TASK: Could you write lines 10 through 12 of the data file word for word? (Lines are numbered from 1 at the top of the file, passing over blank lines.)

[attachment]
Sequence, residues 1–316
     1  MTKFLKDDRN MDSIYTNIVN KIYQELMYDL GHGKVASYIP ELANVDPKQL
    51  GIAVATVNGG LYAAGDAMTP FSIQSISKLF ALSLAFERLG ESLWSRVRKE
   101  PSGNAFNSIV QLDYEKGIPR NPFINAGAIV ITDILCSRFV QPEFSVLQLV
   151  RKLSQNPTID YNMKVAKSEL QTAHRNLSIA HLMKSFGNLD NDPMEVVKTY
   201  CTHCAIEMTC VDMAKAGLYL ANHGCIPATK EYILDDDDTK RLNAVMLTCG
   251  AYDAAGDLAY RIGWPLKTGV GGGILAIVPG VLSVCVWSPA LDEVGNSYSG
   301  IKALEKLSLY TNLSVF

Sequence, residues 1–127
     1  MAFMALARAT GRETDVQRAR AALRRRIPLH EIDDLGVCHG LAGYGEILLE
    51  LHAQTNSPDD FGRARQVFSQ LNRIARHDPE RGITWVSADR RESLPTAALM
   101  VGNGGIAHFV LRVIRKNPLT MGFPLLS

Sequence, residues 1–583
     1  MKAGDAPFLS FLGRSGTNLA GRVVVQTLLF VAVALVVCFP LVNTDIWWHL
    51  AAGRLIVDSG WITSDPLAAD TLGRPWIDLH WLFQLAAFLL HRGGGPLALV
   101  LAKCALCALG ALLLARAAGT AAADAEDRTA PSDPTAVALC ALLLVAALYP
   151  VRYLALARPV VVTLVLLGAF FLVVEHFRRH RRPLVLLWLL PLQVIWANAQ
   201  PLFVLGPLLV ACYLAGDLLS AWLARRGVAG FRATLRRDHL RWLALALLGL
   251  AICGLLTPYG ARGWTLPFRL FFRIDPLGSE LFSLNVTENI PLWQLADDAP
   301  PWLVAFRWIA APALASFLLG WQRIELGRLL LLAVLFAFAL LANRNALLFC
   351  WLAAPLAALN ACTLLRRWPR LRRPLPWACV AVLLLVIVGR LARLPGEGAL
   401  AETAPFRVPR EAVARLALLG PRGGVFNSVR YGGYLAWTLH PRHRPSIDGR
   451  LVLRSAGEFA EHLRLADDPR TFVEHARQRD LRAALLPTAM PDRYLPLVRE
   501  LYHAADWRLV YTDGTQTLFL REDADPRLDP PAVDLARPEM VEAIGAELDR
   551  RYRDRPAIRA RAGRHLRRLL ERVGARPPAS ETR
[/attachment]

     1  MAFMALARAT GRETDVQRAR AALRRRIPLH EIDDLGVCHG LAGYGEILLE
    51  LHAQTNSPDD FGRARQVFSQ LNRIARHDPE RGITWVSADR RESLPTAALM
   101  VGNGGIAHFV LRVIRKNPLT MGFPLLS